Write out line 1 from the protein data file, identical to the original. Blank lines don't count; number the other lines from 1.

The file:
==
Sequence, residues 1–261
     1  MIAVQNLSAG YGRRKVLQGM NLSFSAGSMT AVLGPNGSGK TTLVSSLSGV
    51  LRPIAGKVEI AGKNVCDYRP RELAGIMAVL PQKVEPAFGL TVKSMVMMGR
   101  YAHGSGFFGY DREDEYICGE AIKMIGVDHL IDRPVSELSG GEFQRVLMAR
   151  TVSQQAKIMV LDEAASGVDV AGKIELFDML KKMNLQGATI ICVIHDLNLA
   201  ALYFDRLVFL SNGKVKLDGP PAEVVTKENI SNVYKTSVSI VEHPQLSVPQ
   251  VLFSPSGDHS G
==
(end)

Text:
Sequence, residues 1–261